Greatstone-on-Sea was no exception. Nowhere was open.
I had come to the south- east Kent coast to see the Greatstone-on-Sea Listening Device, a curving concrete wall 200ft long and 25ft high, facing out to sea. Built in 1928, it was designed to detect the sound of enemy aircraft and shipping up to a distance of 12 miles.
Whether it would have been successful is unclear: according to my assistant's research, experiments at the time were inconclusive. There were even claims that the naked ear was more effective. Then radar was invented within a few years of its completion and rendered it obsolete. It stands among vast gravel workings which stretch away towards Dungeness. For many years the area has been inhabited by geese and other wildfowl. Now it is being dug up by a gravel company.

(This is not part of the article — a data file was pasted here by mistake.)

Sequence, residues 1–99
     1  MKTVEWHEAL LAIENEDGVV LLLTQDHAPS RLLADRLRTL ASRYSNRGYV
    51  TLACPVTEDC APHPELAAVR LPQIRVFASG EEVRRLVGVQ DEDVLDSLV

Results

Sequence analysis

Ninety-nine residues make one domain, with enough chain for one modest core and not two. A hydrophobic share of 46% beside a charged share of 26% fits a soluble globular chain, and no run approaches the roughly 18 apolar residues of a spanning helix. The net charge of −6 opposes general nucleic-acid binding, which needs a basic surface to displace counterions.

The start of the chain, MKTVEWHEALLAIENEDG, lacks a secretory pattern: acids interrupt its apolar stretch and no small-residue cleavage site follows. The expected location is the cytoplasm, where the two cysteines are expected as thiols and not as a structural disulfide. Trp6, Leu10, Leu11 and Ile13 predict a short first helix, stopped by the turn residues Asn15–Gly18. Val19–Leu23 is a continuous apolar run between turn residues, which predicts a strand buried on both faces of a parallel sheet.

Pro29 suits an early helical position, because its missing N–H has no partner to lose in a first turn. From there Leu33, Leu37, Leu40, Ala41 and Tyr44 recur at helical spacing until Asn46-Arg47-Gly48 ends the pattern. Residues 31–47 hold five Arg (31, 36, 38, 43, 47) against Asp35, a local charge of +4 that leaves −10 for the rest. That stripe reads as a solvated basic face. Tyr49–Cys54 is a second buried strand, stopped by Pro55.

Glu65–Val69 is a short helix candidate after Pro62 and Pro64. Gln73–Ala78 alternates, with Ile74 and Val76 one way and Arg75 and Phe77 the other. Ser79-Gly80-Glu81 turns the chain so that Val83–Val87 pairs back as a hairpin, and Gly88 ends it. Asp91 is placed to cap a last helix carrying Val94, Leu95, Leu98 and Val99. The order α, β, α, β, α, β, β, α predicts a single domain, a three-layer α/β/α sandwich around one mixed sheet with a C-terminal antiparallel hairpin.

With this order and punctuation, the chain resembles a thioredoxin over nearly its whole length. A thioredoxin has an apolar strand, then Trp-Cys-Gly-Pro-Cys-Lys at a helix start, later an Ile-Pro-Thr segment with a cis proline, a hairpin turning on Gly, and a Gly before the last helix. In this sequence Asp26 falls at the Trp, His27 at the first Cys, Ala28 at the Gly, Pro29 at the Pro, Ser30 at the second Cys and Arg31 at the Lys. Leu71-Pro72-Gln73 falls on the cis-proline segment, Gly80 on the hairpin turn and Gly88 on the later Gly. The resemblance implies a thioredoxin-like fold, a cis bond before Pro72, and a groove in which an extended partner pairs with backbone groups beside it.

I parked my bike in someone's garden and trudged with difficulty across the gravel. The Listening Device waited in silence beside a huge, water-filled gravel pit. At last I stood before it. I tried to imagine the roar of approaching Messerschmitts. But all I heard was the splashing of geese.
The Greatstone-on-Sea Listening Device is at OS Grid Reference TR 075215.
(Photograph omitted)Reuse content